Amara Thornton, Archaeologists in Print: Publishing for the People (London: UCL Press, 2018) 312pp. £40.00 Hb. ISBN: 978‑1‑78735‑259‑9 £20.00 Pb ISBN: 978‑1‑78735‑258‑2 Free Open Access ISBN: 978‑1‑78735‑257‑5.
Amara Thornton's Archaeologists and Print: Publishing for the People (2018) examines the intricate and nuanced relationship between archaeologists and publishers in the late nineteenth and twentieth century. Acknowledging the multifarious forms of publications and the different types of media that were pertinent to the dissemination and reproduction of archaeological knowledge such as 'newspaper reports, exhibitions, lectures, radio broadcasts and books’ (2), Thornton elucidates how archaeologists navigated the role of the author by using these different mediums to disseminate their discoveries and how this ‘archaeologist-author’ role was crucial to shaping their ‘cultural perceptions’ (3) during these periods. Thornton’s study is rich in original archival research conducted across various institutions such as the Penguin archive, John Murray archive, UCL Special Collections, Bodleian Library and the National Library of Israel which renders this book a pioneering contribution to the History of Archaeology.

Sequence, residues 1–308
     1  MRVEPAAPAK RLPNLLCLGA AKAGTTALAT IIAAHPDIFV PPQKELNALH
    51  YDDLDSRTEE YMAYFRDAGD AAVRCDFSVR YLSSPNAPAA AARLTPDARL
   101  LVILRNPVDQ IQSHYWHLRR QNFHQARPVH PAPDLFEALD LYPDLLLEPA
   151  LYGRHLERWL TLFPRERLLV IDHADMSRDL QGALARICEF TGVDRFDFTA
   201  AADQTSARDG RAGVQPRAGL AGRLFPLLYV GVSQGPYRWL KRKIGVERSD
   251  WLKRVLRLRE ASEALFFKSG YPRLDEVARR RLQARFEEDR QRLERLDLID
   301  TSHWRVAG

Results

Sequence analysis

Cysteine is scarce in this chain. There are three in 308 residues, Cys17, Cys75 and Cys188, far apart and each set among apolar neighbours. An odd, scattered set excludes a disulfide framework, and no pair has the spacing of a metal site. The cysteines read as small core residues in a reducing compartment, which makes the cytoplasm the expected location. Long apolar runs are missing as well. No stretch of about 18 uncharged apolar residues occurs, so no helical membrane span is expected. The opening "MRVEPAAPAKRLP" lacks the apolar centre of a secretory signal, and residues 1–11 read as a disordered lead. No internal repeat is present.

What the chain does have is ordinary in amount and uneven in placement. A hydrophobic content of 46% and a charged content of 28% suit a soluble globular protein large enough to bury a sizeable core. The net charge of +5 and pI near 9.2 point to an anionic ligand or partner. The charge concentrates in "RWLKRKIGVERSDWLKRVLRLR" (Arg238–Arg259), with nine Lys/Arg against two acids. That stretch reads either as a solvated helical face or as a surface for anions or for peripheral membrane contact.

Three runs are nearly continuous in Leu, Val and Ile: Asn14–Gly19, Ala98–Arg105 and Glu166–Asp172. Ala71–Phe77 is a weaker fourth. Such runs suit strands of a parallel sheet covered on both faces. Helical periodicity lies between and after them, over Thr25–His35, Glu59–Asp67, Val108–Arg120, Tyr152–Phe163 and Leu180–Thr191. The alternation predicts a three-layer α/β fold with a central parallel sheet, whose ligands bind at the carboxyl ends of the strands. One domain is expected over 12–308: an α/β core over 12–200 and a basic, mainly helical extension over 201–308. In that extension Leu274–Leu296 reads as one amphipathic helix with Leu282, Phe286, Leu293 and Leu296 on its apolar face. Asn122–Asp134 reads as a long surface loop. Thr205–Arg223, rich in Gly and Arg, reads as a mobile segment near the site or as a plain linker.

In the introductory chapter, Thornton illustrates how the politics of the nineteenth-century impacted the relationship between publishers and archaeologists during this time. Contextualizing her research from the 1870’s when the British imperial expansion facilitated a surge in expeditions, she describes how publishers begin to gain authority in responding to the increase in demand for travel narratives as a result of these expeditions by categorising their interests for specific archaeological topics. For example, 'Macmillan's Handbooks on Archaeology and Antiquities provided a venue for classical archaeologists to reach those who were familiar with and interested in the classical world' (8) while 'Series produced by the Religious Tract Society [.] enabled archaeologists to reach readers interested in the Bible and the lands and peoples described therein’ (8). Her research also reveals how archaeologists too had a wide network of publishers that they were connect to. David George Hogarth for example published with a few publishers including John Murray, Lawrence and Bullen and William Heinneman. In the following chapter, Thornton deconstructs what it means to be an archaeologist. The crux of this analysis lies in her contention of the importance of universities and institutions such as archaeological and antiquarian societies in shaping the archaeological experience by providing access to ‘archaeological education, training and research’ (45).